A robotic set of legs that is able to fully model walking, in a biologically accurate manner, has been produced by a group of US researchers.
The remarkably human-like walking gait was produced by simplifying the neural architecture, musculoskeletal architecture and sensory feedback pathways of humans, and building them into the robot.
The biological accuracy of their robot has enabled the researchers to further investigate the processes that occur during walking, in humans. “And may bolster theories of how babies learn to walk, as well as helping to understand how spinal-cord-injury patients can recover the ability to walk.”
“A key component of the human walking system is the central pattern generator (CPG). The CPG is a neural network in the lumbar region of the spinal cord that generates rhythmic muscle signals. The CPG produces, and then controls, these signals by gathering information from different parts of the body that are responding to the environment. This is what allows people to walk without needing to think about it.”
“The simplest form of a CPG is a half-centre, which consists of just two neurons that fire signals alternatively, producing a rhythm. The robot contains an artificial half-centre as well as sensors that deliver information back to the half-centre, including load sensors that sense force in the limb when the leg is pressed against a stepping surface.”
Co-author of the study, Dr Theresa Klein, said: “Interestingly, we were able to produce a walking gait, without balance, which mimicked human walking with only a simple half-centre controlling the hips and a set of reflex responses controlling the lower limb.”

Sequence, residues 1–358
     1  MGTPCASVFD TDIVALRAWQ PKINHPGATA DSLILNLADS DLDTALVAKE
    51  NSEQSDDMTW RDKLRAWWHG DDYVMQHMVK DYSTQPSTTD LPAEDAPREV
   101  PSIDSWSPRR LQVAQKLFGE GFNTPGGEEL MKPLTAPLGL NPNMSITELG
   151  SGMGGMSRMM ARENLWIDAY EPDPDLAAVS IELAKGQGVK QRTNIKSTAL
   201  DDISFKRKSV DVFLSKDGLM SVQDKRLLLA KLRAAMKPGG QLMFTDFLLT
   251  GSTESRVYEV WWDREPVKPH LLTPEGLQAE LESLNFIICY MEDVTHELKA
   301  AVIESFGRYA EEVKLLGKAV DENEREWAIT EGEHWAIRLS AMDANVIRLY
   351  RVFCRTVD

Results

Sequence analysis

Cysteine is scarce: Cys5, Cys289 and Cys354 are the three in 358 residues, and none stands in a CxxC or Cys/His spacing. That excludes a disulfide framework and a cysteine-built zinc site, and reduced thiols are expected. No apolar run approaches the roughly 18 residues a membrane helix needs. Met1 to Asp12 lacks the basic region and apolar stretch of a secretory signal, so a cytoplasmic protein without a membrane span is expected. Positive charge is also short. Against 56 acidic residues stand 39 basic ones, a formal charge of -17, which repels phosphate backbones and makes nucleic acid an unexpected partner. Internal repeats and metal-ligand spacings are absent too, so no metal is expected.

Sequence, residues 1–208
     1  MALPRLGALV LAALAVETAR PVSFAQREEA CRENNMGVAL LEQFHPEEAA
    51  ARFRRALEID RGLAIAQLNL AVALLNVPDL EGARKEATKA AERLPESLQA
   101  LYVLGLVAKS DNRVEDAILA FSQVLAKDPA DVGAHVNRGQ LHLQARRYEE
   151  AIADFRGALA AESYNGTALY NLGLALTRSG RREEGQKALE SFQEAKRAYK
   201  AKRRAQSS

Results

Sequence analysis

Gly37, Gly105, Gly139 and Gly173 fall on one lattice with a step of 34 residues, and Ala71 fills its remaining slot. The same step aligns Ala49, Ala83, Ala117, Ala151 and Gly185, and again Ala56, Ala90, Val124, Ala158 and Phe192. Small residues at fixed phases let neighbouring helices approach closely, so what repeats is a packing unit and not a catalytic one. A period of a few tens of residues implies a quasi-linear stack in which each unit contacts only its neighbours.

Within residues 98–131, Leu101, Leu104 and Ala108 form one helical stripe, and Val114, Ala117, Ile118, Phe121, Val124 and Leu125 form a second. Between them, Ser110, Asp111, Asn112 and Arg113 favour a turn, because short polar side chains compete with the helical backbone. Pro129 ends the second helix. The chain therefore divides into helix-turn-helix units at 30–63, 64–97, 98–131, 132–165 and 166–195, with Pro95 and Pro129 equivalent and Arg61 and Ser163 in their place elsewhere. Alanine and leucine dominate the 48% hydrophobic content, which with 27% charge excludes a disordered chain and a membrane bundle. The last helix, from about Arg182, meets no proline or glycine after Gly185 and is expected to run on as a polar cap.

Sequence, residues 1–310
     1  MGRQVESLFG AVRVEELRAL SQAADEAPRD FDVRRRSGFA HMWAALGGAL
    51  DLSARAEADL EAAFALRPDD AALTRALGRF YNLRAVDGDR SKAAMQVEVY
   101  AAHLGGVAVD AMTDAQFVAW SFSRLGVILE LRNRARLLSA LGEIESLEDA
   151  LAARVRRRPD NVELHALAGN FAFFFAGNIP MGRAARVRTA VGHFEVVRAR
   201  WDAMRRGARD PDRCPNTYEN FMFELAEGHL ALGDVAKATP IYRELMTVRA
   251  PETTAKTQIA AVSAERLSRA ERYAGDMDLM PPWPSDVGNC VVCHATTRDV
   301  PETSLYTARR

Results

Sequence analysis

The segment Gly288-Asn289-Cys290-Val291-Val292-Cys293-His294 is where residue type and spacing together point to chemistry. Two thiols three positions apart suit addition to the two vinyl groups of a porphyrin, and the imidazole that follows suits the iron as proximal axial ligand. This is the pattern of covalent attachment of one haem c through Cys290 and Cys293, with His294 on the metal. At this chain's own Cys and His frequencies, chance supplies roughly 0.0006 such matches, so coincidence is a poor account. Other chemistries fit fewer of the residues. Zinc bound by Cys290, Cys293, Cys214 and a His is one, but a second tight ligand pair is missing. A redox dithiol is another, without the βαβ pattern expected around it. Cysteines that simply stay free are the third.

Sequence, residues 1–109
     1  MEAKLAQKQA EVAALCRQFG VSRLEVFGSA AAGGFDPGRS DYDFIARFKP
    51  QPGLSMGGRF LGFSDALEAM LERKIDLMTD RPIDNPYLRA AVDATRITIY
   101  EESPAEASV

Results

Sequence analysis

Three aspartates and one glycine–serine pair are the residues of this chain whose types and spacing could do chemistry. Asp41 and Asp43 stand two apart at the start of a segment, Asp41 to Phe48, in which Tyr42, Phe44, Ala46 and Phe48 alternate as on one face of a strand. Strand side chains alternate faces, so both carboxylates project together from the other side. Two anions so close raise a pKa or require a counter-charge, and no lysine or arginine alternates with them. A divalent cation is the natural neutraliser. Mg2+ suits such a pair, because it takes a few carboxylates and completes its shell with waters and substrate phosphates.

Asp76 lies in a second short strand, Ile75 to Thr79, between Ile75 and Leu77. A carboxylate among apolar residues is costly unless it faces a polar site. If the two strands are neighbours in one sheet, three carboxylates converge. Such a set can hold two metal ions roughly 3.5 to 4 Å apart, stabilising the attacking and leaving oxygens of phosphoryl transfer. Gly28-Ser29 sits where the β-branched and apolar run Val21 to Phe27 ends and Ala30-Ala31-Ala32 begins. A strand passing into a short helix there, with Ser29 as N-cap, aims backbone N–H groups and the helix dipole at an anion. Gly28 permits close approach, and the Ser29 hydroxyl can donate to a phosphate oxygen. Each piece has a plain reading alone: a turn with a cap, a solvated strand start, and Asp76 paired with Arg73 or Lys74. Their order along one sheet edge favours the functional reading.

“The researchers, from the University of Arizona, hypothesize that babies start off with a simple half-centre, similar to the one developed in this robot, and over time they ‘learn’ a network for a more complex walking pattern. This could explain why babies have been seen to exhibit a simple walking pattern when placed on a treadmill even before they have learnt to walk — a simple half-centre is already in place.”
“This underlying network may also form the core of the CPG and may explain how people with spinal cord injuries can regain walking ability if properly stimulated in the months after the injury,” Dr Klein continued.
The research was just published, July 6, in IOP Publishing’s Journal of Neural Engineering.
The publication of this research follows right on the heels of a July 3rd paper about the creation of an artificial cerebellum.
“Researchers have developed an artificial cerebellum (a biologically-inspired adaptive microcircuit) that controls a robotic arm with human-like precision. The cerebellum is the part of the human brain that controls the locomotor system and coordinates body movements.”
“The developers of the new cerebellar model have obtained a robot that performs automatic learning by extracting the input layer functionalities of the brain cortex. Furthermore, they have developed two control systems that enable accurate and robust control of the robotic arm during object handling.”
“The synergy between the cerebellum and the automatic control system enables robot’s adaptability to changing conditions i.e. the robot can interact with humans. The biologically-inspired architectures used in this model combine the error training approach with predictive adaptive control.”
Source: Institute of Physics (IOP)
Image Credits: Institute of Physics; Markus Breig